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Gorilla genome sequenced

08 Mar
Kamilah the gorilla
The full genome of Kamilah, a female gorilla from San Diego zoo, has been sequenced. With this one all extant great apes, excepted the bonobo, have been fully sequenced.
The authors propose a divergence of Gorilla from the Pan-Homo branch c. 10 million years ago. But this is based on a most unlikely assumption of Pan-Homo divergence happening only 6 million years ago, when it’s surely of at least 8 million years (and maybe as many as 10 million). A corrected estimate for the Gorilla branch could then be between 13 to 18 million years in fact. 
See on this regard:
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4 Comments

Posted by on March 8, 2012 in Genetics, gorilla, human evolution

 

4 responses to “Gorilla genome sequenced

  1. Etyopis

    March 9, 2012 at 6:50 pm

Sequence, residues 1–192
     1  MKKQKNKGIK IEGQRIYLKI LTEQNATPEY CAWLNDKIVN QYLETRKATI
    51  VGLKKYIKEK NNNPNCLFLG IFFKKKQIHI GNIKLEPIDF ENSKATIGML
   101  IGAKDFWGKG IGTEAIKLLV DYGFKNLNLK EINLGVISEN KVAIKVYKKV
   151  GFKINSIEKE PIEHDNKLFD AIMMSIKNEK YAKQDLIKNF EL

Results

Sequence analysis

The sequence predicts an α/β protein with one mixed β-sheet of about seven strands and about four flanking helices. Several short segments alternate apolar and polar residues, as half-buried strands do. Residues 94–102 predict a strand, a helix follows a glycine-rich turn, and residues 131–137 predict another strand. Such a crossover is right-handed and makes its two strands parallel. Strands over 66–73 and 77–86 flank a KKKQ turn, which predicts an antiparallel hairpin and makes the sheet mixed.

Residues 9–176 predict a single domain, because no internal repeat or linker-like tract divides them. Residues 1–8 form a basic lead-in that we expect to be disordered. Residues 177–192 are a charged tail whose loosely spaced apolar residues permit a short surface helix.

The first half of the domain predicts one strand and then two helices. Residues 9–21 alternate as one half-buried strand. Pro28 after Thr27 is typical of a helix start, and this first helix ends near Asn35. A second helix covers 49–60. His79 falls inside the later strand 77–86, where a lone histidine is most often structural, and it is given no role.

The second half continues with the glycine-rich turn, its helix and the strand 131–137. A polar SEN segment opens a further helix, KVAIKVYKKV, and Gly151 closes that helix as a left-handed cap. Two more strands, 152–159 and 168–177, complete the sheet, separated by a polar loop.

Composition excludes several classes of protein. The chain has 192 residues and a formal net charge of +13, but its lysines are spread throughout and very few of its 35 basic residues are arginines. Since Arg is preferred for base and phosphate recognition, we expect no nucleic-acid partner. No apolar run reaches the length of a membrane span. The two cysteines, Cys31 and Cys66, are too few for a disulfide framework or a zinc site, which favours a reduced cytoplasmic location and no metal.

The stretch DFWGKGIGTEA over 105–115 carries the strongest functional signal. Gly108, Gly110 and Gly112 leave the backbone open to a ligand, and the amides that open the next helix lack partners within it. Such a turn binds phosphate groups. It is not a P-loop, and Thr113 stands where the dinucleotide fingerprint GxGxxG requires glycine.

“But this is based on a most unlikely assumption of Pan-Homo divergence happening only 6 million years ago”They didn't assume human-chimp time divergence estimates to come up with these dates, you can't use that because the common ancestor of humans, gorillas and chimps appeared before pan-homo, what they did was make an assumption based on fossil evidence of the appearance of orangutans, but actually, they used units of sequence divergence and not years first. I don't think it is possible to argue about units of sequence divergence, what one can possibly argue is the mutation rate/s used to convert the units of sequence divergence into years. And for that, they are saying that a mutation rate of 1 X 10^-9 mutations per base-pair per year, which is based on fossil calibration of human-macaque sequence divergence, gives a time estimate of human-chimp separation of only 3.7 million years and human-gorilla separation of 5.95 million years, but this timetable contradicts the fossil record, so they used the mutation rates derived from “the incidence of disease-causing mutations or sequencing of familial trios” in modern human populations, which is (0.5-0.6) X 10^-9 mutations per base-pair per year, which converts the units of sequence divergence to a time estimate of human-chimp separation of 6 million years and human-gorilla separation of 10 million years. But fossil records show that the orangutan appeared only 12-16 Million years ago, so to accommodate for this, they varied the mutation rate over time, starting with 1 X 10^-9 mutations per base-pair per year for the great apes and to 0.5 X 10^-9 leading to humans, this gives a time window for the split of Humans and Gorillas of 8.5 to 12 million years, and that of Humans and Chimps of 5.5 to 7 million years, this timetable fits with the fossil evidence of the orangutans.